They are looking for characteristic changes in the luminosity of stars, either their special spectrum, or the simplest – radio waves that differ from natural sources. American physicists proposed to expand the range of instruments used at the expense of gravitational wave detectors.
The notorious Fermi paradox worries not only ufologists and futurologists, but also full-fledged scientists. There are too many indications that life in the universe cannot be a unique earthly phenomenon.
At the same time, until now, humanity has not met a single evidence of other intelligent civilizations. One of the hypotheses is that our tools are not good enough or not properly configured to find them, therefore, it is necessary to come up with new methods.
Or find new ways to use tools already in the arsenal of astrophysicists. For example, gravitational wave observatories. The logic is as follows: if a highly developed civilization wants to travel on the scale of the galaxy, sooner or later it will build a giant or fast spaceship.
Perhaps both huge and fast at the same time. And where there is a large mass, or accelerations up to speeds of units or even tens of percent of the speed of light, there arise fluctuations in space-time. Which we call gravitational waves.
A huge plus of gravitational wave detectors as tools for searching for extraterrestrial civilizations is their field of view. Unlike optical or radio telescopes, which have an extremely narrow “field of view”, gravitational wave detectors “look” at the entire sky at once.
Several physicists from leading American universities and scientific organizations have considered this idea in detail. Their detailed calculations can be found on the portal of preliminary publications (preprints) arXiv.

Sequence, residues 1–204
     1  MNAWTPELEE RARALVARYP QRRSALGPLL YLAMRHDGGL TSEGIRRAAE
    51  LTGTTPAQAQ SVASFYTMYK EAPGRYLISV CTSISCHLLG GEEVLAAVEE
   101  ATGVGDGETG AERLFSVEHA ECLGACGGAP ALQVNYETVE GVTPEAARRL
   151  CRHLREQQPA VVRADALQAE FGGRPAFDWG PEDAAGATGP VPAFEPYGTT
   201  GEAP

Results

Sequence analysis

The calculations in this work show that the most sensitive of the existing gravitational wave detectors – ground-based interferometers LIGO , VIRGO and KAGRA – allow you to detect alien ships within a radius of up to one hundred kiloparsecs from Earth (326,156 light years).
That is, far beyond the Milky Way, whose diameter is only 105.7 thousand light years. True, alien ships should have a mass of about ten Jupiters and accelerate to 10% of the speed of light.
The minimum detection threshold with the available instruments is an object with a mass of approximately Mercury, accelerating to a comparable speed. It will be possible to detect it already within a radius of “only” 32 light years – in the vicinity of the stars closest to the Sun.
A colossal mass of rapidly accelerating ships ( RAMAcraft ) is not a fantastic assumption. Even traveling between neighboring stars within a reasonable amount of time requires huge amounts of working fluid. Nobody canceled Newton’s laws.
And if we are talking about civilizations that can colonize a significant part of the galaxy, then they will most likely need ships that transport entire populations within a lifetime of a few generations.
Alternative modes of transportation like “warp technology” and the Alcubierre Bubble make things easier. The mass of ships built on their basis will also be huge – a few or tens of Jupiterian ones, but the speed of movement is higher.
In addition, the very principle of their work implies the curvature of space-time, and hence the creation of gravitational waves. Such objects should be detectable at even greater distances.
In addition, in the coming years, the creation of even more sensitive gravitational-wave observatories will begin – the space Big Bang Observer and DECIGO . With their help, the search efficiency will increase by an order of magnitude.
But there is a problem: you need to know what to look for. It is likely that human instruments have already recorded traces of alien ships flying across the Milky Way, we just did not distinguish them from natural sources. A whole section of the described scientific work is devoted to methods of data analysis.
It is possible that in the foreseeable future, researchers looking for extraterrestrial civilizations will have incredible amounts of data to study. If the scientific community, of course, agrees with the proposed theses. From the outside, they look more than reasonable.